You are not alone if you find yourself daydreaming about a sunny, warm summertime these days. Gardeners are already booking on the return of sunshine and warmth as they make seed orders and prepare seed starting trays and soil mixes for spring and summer planting.

Indeed, summer seems a long way off, but now’s the time to get ready for it in the garden. Forget your vine-ripened tomatoes, cool cucumbers, crunchy green beans — there’s nothing, absolutely nothing that says “summer” quite like a juicy and sweet watermelon does.

Yes, these days with international transportation of fresh fruits and vegetables it is possible to buy a watermelon in March, but at the risk of repeating myself — there is nothing that says “summer” like a watermelon and a cold watermelon is indeed a summertime joy. If that watermelon is one you grew yourself — it is so much sweeter.

While we traditionally think of watermelons as a crop of the Deep South, in truth Maine gardeners have plenty of success growing these sweet melons. Camden gardeners Laura and Eric Evans grow a variety of watermelons each summer.

Indeed, our long daylight hours during the summer months help to contribute to success growing them. Last summer among those they tried was a brand new selection, Mambo.

Mambo was one of the All America Selections seeds of the year. It was almost as if this marvelous little melon was designed for gardeners here. This is what AAS said about Mambo:

"Mambo watermelon will grow and yield well even in cool cloudy conditions. Gardeners who plant Mambo will enjoy multiple, perfectly round melons with a beautiful dark green rind and deep red flesh. The sweet crisp flesh is extremely tasty and holds well (doesn’t over ripen) if you can’t harvest them right away. Each nine-inch fruit will weigh about 11 pounds at maturity, which is only 75 days from transplant.

"A smaller seed cavity means you almost get the look of a seedless melon but the superior taste of a seeded melon. The AAS Judges agree this is one of the easiest watermelons they’ve grown because of high seed germination and vigorously healthy vines."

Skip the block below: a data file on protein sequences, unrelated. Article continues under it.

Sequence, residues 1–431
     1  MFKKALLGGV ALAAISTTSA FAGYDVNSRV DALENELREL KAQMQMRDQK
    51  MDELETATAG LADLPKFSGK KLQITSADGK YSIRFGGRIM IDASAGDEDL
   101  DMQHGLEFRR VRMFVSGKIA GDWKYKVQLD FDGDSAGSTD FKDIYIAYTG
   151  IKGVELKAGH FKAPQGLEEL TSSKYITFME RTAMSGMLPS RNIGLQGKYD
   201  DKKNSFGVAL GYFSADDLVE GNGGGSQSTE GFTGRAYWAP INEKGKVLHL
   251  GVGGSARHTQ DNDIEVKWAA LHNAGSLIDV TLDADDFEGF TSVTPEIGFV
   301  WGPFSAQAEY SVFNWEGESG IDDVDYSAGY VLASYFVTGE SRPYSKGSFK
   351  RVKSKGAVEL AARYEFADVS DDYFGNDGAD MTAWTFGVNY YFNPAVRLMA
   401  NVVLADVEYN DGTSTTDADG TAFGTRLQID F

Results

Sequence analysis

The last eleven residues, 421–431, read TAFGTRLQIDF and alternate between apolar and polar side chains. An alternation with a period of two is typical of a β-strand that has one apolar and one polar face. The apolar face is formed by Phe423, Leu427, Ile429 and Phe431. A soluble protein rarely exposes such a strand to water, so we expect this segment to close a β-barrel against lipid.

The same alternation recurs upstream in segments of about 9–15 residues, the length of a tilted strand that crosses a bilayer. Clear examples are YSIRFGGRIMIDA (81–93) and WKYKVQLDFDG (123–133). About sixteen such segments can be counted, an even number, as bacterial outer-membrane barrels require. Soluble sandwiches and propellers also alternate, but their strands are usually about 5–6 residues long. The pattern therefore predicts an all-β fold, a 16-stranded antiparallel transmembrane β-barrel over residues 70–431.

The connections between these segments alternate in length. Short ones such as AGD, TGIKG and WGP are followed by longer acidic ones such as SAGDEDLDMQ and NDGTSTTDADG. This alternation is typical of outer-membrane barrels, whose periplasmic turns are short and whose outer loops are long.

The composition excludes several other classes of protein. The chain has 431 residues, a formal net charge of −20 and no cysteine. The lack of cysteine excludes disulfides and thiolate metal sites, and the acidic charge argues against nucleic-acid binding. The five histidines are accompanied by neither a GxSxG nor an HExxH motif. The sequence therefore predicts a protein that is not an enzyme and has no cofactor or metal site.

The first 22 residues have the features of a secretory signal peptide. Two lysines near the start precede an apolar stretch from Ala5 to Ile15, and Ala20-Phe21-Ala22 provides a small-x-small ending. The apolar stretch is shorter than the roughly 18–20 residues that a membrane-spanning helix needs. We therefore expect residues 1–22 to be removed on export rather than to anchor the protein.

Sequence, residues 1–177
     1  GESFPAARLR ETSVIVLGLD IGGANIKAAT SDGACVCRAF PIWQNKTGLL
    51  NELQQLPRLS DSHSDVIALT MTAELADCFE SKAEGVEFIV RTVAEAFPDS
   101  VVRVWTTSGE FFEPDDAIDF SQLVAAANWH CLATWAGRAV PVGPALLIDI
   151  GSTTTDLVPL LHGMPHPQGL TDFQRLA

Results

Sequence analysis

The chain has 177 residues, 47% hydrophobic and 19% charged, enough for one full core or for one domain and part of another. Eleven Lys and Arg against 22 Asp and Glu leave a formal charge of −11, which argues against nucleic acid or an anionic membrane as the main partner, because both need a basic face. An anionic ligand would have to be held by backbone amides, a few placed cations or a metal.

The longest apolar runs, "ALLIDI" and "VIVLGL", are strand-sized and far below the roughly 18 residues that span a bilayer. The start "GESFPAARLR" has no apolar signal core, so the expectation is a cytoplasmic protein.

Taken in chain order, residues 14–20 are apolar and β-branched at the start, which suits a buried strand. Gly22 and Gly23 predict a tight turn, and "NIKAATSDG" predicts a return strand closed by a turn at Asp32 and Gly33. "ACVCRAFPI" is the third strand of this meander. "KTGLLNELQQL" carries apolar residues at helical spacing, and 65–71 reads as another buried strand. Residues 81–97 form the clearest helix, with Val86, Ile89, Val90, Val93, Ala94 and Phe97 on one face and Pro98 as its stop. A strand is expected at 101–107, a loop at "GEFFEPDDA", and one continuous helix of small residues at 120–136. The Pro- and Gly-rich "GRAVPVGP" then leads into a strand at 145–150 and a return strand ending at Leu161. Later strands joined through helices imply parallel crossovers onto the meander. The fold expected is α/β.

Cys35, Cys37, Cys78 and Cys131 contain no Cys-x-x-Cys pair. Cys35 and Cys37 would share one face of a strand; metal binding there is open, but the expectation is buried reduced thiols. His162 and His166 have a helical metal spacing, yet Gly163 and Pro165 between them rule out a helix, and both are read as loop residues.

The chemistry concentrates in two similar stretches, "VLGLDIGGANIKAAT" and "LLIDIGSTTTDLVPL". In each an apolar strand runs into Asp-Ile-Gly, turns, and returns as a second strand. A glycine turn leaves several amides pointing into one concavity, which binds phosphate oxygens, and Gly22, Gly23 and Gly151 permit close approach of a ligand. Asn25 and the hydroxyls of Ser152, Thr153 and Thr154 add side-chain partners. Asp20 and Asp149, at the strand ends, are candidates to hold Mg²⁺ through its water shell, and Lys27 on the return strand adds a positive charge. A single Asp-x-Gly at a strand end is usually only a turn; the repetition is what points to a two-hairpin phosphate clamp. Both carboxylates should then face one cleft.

Of the half dozen or so watermelon varieties the Evans have grown, Eric assured me that the new little “Mambo’ is the “best ever.” That’s high praise from someone who knows his watermelons. These little wonders are indeed special. So, the recommendation is clear — if you want to grow watermelons this summer, look no farther than Mambo. Check with your regular seed supplier or go online and Google them to find a seed source.

Now that you’ve decided to grow them, a bit of advice is in order for optimum success. Start seeds soon so that they can be planted outside as soon as the soil has warmed up and night time temperatures are in the 60s.

Plant your seedlings in full sunshine for success in loamy soil that has been amended with a bit of sand for good drainage. The soil should be slightly acidic, with a pH between 6.0 and 7.0.

By growing watermelon vines in raised rows or hills ensures good drainage. The hills serve another purpose, and that is to hold the sun’s heat just a little bit longer. When setting out seedlings, space the plants about two feet apart along a five-foot-wide hill.

While the plants are growing, blooming and setting fruit, they will need one to two-inches of water per week, and can be side-dressed with compost or solution of fish or kelp emulsion every two to three weeks while growing. But once flowers and fruit appear, reduce nitrogen and increase phosphorus and potassium.

You can add a 5-10-10 fertilizer. Keep soil moist, but not waterlogged. Take care to water at the vine's base in the morning, and try to avoid wetting the leaves and avoid overhead watering. Reduce watering once fruits are growing.

To harvest, check your calendar! Starting around 70 to 75 days from when you set out the seedlings, start checking for this clue: Tendrils that are normally bright green near where the watermelon meets the stem will turn brown.

Then you get to enjoy one of the most flavorful sweetest watermelons you’ve ever tasted, and that’s a guarantee.

Lynette L. Walther is the GardenComm Gold medal winner for writing and a five-time recipient of the GardenComm Silver Medal of Achievement, the National Garden Bureau’s Exemplary Journalism Award. She is a member of GardenComm and the National Garden Bureau. Her gardens are in Camden.